indebtedness to traders. Those engaging in handicrafts or whose economy depends on the collection of minor forest produce find it difficult to obtain raw material. Forest agencies and Tribal Development Co-operatives set up to break the monopoly of traders, have grown into just such monopolies.
Not surprisingly, many a rural person turns into a landless laburer, or is forced to migrate to the city. Grim as the situation is, it is not entirely hopeless, for rural people possess resources that have kept them going in many adverse situations. Group entrepreneurship captures and mobilizes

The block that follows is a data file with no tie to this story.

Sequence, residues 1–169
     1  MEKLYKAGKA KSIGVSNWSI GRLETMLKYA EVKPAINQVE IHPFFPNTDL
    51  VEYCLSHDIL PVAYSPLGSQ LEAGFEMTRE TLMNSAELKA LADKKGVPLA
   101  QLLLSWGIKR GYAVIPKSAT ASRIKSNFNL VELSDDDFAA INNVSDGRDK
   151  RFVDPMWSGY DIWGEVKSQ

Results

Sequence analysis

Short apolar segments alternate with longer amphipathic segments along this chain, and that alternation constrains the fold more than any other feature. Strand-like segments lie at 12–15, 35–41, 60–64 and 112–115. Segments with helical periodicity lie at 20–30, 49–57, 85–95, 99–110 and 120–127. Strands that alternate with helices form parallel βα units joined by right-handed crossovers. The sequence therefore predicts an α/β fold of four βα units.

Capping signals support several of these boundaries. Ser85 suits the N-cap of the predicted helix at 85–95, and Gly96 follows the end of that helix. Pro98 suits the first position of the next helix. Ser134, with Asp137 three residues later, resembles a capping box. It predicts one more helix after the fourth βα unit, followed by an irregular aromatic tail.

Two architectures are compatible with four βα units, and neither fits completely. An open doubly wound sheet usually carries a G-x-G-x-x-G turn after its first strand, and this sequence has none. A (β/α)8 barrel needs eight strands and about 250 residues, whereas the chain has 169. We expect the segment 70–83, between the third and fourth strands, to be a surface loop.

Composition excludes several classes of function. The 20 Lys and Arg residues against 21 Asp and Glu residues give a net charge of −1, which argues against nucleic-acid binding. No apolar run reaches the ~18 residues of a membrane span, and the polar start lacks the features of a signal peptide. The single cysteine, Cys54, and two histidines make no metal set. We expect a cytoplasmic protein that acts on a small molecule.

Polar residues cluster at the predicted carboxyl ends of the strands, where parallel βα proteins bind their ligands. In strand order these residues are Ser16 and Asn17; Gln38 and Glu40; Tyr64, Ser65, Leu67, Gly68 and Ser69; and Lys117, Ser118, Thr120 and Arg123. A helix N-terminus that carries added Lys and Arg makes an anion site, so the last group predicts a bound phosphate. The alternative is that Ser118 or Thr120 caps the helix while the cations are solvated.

these strengths and can bring rural life back to a state of sustainability; ecologically, economically and socially.This article is based on very limited experience in tribal areas of Bihar and Orissa in India. The idea of group entrepreneurship comes from the people themselves and is
now catching the attention of development workers around the world. Three points are covered: illustrations of recent group entrepreneurship; the reality of group entrepreneurship; and challenges involved in group entrepreneurship.
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